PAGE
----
Wednesday, October 01, 2008

Garden Diary: the bank

No, not that bank. Not the one about to collapse into financial ruin. This is the bank around the house; the one that lifts the house above the wet garden below.

I has a rather wild and woolly look. I've been working on a planting of Miscanthus sinensis 'Gracillimus' and Pycnanthemum muticum, with a few scattered perennials mixed in for other season interest - Joe Pye, Baptisia australis, sanguisorba, a few legacy peonies - and a focal Viburnum plicatum 'Mariesii' at the corner, and it's all just fine until autumn when the miscanthus flowers and starts falling apart. At this time of year, I wish I could stop the flowering and just keep the simple mounded shape.

Visually, miscanthus is appropriate. It complements the strong Japanese influence in the design of the house (built in the mid 60's), or I like to think so. But I'm also thinking about replacing it with a lower, more lasting structured panicum such as 'Shenandoah'. Or taking a complete change in course.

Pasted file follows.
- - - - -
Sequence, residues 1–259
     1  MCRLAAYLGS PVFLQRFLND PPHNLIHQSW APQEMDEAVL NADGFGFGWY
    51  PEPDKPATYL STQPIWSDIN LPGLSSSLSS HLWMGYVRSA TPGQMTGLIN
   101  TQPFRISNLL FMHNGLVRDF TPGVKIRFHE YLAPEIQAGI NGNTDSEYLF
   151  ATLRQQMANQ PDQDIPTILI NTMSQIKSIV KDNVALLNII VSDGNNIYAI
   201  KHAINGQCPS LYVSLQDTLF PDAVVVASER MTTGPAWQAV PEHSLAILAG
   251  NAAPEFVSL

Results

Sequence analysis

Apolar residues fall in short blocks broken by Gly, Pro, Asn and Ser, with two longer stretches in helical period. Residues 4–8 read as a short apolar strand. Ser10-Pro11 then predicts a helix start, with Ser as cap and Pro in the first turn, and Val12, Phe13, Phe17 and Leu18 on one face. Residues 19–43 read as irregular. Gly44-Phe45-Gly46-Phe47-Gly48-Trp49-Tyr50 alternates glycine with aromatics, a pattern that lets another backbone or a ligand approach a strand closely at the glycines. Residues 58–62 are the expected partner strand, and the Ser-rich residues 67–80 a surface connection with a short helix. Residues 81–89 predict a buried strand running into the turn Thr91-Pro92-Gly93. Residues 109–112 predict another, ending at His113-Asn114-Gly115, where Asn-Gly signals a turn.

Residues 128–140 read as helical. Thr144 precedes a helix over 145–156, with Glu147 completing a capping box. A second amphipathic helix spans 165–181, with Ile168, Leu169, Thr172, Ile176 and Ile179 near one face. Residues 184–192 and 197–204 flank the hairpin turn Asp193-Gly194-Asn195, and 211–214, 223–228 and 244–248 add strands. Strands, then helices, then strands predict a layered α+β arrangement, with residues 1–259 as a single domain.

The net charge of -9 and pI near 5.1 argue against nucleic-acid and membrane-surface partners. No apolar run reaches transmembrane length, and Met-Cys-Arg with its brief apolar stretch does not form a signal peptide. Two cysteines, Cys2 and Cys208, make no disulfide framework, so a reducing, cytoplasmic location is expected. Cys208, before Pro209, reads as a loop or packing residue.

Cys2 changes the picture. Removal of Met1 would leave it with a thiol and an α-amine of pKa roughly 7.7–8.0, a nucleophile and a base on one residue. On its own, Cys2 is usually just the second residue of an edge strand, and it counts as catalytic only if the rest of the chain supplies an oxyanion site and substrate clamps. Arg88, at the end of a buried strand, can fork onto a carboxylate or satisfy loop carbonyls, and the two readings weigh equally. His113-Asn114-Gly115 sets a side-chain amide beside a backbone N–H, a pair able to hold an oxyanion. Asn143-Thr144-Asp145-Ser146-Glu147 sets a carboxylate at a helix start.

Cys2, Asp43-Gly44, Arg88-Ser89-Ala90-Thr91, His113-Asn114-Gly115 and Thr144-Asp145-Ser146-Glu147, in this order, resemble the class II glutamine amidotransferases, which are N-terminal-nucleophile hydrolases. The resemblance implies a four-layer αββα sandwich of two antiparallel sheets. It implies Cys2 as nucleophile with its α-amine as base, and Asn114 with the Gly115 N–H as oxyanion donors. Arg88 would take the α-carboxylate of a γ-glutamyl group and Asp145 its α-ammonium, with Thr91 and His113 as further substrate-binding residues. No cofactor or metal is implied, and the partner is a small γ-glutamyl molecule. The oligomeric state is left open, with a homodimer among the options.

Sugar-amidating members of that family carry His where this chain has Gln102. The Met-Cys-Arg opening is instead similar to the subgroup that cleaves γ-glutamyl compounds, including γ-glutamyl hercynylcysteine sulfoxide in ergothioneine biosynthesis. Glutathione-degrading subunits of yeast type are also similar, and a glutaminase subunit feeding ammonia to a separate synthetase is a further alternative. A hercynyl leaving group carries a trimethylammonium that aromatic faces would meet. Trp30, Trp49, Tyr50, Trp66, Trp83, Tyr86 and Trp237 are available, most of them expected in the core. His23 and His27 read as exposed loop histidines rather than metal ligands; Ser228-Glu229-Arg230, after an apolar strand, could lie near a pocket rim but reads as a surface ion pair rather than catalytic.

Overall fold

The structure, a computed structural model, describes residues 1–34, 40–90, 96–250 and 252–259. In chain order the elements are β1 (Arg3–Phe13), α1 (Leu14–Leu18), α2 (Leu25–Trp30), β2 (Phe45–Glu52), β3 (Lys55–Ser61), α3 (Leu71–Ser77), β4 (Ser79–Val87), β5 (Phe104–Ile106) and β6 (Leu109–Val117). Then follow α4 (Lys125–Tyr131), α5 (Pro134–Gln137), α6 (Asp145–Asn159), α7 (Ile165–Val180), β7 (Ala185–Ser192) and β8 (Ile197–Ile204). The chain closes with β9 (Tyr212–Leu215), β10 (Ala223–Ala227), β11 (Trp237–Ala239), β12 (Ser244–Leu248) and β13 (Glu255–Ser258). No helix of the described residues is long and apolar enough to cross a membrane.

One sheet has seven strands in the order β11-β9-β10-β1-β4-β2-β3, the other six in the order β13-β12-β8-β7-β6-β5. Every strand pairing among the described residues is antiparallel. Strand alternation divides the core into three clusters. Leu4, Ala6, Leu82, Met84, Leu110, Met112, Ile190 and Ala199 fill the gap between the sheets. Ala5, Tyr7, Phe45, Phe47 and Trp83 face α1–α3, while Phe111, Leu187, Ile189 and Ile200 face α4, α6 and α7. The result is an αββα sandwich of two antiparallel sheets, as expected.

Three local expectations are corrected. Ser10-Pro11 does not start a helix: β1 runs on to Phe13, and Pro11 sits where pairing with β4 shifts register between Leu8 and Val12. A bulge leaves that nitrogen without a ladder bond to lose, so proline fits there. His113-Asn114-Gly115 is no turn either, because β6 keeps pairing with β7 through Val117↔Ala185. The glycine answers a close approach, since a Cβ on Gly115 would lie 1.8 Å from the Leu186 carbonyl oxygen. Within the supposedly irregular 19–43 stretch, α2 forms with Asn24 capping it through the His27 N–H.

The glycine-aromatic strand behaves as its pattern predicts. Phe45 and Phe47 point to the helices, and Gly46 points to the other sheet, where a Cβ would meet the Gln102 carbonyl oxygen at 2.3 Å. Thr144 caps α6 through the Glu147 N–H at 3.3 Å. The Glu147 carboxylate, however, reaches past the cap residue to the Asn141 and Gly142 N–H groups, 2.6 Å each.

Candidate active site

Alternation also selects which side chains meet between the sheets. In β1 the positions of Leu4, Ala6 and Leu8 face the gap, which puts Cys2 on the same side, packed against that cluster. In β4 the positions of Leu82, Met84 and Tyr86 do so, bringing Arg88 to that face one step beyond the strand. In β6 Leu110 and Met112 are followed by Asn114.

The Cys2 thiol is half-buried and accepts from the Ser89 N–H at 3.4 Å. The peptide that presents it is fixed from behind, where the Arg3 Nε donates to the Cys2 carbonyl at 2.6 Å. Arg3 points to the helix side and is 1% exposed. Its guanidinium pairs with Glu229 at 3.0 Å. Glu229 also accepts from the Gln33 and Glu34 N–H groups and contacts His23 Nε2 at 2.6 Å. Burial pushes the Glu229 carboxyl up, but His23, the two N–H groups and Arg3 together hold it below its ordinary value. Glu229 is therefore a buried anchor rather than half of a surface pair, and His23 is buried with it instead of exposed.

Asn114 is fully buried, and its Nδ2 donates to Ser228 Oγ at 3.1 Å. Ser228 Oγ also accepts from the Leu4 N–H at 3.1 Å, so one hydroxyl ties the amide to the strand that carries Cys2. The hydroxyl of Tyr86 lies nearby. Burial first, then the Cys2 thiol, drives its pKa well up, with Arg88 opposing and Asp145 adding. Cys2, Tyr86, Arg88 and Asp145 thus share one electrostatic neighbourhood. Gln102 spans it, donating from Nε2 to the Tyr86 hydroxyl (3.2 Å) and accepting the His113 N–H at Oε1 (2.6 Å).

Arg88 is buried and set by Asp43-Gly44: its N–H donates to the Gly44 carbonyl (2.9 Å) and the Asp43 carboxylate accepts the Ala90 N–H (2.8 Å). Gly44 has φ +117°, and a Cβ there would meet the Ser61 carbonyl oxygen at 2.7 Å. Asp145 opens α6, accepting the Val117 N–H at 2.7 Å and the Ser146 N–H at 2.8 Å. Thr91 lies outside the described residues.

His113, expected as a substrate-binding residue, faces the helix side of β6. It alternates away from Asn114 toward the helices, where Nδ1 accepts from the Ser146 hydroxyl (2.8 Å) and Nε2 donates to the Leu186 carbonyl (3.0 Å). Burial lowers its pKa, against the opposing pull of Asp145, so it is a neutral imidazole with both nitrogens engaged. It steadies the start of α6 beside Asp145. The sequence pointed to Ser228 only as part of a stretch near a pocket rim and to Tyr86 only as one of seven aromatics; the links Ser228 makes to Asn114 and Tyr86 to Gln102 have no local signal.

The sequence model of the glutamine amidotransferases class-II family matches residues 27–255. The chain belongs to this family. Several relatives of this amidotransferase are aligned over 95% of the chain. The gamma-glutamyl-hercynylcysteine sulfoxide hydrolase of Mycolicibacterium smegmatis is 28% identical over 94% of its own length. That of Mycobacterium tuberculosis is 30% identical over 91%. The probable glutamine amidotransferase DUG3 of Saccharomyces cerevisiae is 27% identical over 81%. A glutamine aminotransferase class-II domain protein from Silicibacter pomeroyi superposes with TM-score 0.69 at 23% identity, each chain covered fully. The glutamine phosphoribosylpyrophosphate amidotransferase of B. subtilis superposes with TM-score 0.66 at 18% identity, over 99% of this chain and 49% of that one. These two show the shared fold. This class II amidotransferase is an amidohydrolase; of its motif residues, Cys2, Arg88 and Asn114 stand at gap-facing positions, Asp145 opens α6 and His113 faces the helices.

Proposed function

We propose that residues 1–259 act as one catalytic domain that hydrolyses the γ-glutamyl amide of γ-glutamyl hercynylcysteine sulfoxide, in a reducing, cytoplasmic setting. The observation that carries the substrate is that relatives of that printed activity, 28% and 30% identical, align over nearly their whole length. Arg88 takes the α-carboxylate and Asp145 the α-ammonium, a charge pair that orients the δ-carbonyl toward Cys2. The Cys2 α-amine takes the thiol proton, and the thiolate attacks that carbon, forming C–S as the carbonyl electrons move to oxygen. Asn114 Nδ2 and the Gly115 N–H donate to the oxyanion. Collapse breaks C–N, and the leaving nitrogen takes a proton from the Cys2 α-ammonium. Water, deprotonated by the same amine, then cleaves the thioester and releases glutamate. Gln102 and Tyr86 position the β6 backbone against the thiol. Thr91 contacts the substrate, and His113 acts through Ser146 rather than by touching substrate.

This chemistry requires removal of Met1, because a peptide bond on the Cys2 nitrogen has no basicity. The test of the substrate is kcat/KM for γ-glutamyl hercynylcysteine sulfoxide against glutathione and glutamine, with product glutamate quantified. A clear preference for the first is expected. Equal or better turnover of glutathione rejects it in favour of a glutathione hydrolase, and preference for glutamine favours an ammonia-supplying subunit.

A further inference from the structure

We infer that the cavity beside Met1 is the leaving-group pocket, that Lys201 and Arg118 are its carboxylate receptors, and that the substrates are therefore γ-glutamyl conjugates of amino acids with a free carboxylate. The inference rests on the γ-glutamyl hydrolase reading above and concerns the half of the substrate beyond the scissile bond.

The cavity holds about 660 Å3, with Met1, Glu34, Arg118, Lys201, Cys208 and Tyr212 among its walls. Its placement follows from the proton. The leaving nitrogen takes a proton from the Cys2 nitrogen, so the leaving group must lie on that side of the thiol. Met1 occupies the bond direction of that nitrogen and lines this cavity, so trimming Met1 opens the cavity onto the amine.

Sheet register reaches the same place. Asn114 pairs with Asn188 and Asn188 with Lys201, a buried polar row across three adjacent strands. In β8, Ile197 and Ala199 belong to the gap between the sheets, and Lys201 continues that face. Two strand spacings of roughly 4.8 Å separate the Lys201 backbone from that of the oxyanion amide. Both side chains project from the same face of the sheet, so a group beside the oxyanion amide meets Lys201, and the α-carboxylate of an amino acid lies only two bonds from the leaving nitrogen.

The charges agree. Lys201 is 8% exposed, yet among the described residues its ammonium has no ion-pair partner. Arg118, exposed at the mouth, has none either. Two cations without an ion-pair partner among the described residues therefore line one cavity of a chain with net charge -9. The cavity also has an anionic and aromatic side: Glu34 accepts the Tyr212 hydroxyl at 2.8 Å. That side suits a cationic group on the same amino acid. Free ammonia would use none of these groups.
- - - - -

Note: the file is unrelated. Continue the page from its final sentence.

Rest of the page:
The bank is the only planting area I have that isn't saturated most of the year, so I could take advantage of that and grow a mixture of flowering and berried shrubs (caryopteris, hollies) and an entirely different selection of perennials. Maybe a steppe planting like the one at Lady Farm? Whatever I do, I want a planting that will look good in all seasons and will last years with little maintenance.

I do want to keep the dogwood screen at the bottom of the bank. They are great for wildlife, mainly as perches for all kinds of birds, even hummingbirds, and they provide a sense of shelter - a "treehouse" effect - and separation from the garden proper.

Any suggestions?


  1. Intimidated by your plantsmanship and sophisticated grace of your garden style it is with a deep breath and trepidation that I venture a suggestion but here goes...

    I am inspired by your dry stack stone wall and the quality of mystery in your landscape to suggest including ferns with their deep greens/darker tones and although frondy they add a bit of solidness to counterpoint other more frothy plants.

  2. Thanks, WCIG

    I like your suggestion of using contrasting solidity and color to counterpoint the frothiness. The only fern that doesn't fall apart by fall here is Polystichum (Christmas fern), but its relatively small. I might work some of it into the bank. But your idea can be used with other plants too. I'll give some thought to that.

    I really think we should ask others for advice more often and take advantage of other gardeners' insights. I'm grateful for your suggestion.



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